"We must stop reinventing the wheel," says Dinorah Cantú-Pedraza, head of the Secretariat of Innovation and Citizen Participation of San Pedro Garza García, a municipality of the Monterrey metropolitan area in northern Mexico. "We have to see what already exists, who is doing it well and, instead of duplicating efforts, we have to scale up our efforts".
What Cantú-Pedraza refers to is an innovation that more and more cities are carrying out: the use of open source software in public administration.
Traditionally, governments depend exclusively on commercial software —which requires payment for the use of licenses. This software usually has use restrictions and any modification or improvement is under the exclusive control of the developer. On the contrary, open source software reverses that paradigm and changes the rules of the game: it guarantees access to the platform’s source code to users, that is, to the heart of the platform. This authorizes anyone to execute, copy, distribute, study, change or improve the original software, in order to encourage open collaboration.
In the face of the digital revolution, the governments of Latin America and the Caribbean are modernizing themselves to achieve more effective, efficient and open management. Today, Dinorah Cantú-Pedraza and many others are part of a new generation of public servants, passionate about the use of data, technology, collective intelligence and collaboration between cities to solve public problems.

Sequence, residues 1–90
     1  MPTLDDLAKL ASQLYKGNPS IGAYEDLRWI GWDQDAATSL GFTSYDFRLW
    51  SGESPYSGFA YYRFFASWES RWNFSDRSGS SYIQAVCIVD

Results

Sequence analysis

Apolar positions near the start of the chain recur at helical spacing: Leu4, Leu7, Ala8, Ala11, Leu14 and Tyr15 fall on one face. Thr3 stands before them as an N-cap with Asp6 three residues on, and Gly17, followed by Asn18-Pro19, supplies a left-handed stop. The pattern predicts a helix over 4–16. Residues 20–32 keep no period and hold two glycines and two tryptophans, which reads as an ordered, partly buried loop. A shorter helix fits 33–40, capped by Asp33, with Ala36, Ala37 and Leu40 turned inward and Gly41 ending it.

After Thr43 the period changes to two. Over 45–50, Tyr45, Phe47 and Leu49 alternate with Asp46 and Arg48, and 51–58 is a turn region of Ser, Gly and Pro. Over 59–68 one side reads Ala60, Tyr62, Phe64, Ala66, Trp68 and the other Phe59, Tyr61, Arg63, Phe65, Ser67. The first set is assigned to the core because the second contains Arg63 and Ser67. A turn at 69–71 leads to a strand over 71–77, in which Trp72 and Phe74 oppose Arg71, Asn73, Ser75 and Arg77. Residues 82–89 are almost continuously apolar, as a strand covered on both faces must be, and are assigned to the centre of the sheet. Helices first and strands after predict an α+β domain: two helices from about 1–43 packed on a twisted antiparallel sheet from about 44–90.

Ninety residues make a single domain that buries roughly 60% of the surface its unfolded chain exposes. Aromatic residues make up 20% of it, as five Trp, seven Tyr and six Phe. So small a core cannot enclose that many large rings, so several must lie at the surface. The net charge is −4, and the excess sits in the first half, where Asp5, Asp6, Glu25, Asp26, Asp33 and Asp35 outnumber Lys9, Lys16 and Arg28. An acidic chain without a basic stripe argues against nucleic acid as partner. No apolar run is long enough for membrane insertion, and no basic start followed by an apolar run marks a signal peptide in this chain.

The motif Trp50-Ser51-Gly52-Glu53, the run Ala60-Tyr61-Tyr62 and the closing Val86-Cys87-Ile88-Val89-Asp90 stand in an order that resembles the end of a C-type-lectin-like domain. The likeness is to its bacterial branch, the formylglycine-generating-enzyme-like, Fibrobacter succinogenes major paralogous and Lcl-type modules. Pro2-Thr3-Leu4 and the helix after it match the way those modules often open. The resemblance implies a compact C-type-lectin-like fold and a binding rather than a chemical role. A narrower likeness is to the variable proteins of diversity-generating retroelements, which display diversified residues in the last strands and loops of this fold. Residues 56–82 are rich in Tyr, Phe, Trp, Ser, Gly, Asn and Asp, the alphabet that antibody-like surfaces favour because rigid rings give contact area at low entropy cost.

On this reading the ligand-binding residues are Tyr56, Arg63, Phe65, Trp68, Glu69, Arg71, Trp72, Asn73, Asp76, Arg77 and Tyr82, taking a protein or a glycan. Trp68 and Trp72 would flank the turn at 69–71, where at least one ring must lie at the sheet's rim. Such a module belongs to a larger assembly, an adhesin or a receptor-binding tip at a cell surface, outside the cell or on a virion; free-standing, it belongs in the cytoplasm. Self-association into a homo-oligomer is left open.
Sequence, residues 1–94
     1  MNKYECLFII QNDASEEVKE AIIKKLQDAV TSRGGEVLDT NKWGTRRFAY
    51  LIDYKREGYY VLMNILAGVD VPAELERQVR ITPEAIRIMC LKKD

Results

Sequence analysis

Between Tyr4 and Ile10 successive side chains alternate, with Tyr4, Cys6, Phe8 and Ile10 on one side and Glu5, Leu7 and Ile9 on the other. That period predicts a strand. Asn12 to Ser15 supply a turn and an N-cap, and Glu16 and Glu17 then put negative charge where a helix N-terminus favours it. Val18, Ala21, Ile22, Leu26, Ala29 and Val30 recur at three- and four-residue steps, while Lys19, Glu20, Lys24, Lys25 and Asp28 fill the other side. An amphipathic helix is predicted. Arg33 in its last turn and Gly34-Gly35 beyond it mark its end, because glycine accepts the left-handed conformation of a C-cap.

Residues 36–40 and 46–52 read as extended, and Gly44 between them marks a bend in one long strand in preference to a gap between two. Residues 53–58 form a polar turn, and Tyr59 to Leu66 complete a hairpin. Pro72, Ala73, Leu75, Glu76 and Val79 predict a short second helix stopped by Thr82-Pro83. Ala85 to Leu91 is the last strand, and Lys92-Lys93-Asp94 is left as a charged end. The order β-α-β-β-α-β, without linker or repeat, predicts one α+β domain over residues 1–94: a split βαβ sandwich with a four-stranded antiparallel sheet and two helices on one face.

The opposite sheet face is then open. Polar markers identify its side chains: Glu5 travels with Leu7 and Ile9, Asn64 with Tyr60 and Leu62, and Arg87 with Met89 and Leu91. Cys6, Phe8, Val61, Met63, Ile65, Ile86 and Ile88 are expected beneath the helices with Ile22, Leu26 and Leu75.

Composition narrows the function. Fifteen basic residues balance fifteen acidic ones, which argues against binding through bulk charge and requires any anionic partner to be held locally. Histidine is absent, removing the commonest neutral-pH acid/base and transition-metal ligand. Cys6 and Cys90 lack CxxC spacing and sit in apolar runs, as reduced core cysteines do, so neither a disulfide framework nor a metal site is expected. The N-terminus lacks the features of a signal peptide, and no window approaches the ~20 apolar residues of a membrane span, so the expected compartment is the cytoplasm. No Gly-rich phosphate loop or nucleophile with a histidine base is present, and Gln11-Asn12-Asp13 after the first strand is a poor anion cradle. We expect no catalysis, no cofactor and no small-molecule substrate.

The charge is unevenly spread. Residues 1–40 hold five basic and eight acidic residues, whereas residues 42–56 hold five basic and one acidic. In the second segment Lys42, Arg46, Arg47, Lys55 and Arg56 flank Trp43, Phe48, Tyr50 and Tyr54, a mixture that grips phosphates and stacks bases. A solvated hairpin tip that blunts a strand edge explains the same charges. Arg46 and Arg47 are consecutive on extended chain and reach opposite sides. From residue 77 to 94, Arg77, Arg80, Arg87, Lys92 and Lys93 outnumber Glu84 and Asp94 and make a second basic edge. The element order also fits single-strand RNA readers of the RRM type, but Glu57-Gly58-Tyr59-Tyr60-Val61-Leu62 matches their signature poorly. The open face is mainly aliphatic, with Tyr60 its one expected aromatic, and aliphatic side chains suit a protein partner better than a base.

"The cities of the region face similar problems. The problems have no borders, the solutions should not have them either," says Cantú-Pedraza.
The Argentine connection
In 2018, the Secretariat of Public Works of San Pedro Garza García launched an ambitious effort to be more transparent about the projects underway in the municipality. The idea was to allow citizens to see when public works in the city started, when they ended and how much they cost.
In a first stage, they developed a mobile application that allowed those responsible for the work to update its status in the municipality's database. But a key element was missing. "We already had the data, but we did not have a platform to disseminate them," says Yadira Medina, Secretary of Public Works of San Pedro. Now, how to solve it? The answer was more to the south, in a project carried out by the capital of Argentina: Buenos Aires.
Speaking with her Argentine colleagues, Dinorah and her team learned that learned that Buenos Aires had already developed BA Obras, a platform launched in 2017 to display more than 900 public works throughout the city, free through open access, and framed within the government's open source policies. "It was like a glove, it's just what we needed," says Yadira Medina.
Proyecto de visualización y análisis de la información de las obras del Gobierno de la Ciudad. - gcba/ba_obras
With support from Buenos Aires and in just one month, the San Pedro team adapted the code to their requirements and made the new platform available to citizens, demonstrating that open source has the potential to improve the social and economic development of a city. That, in addition to showing that collaboration between cities can become an efficient and agile solution for the problems that affect them.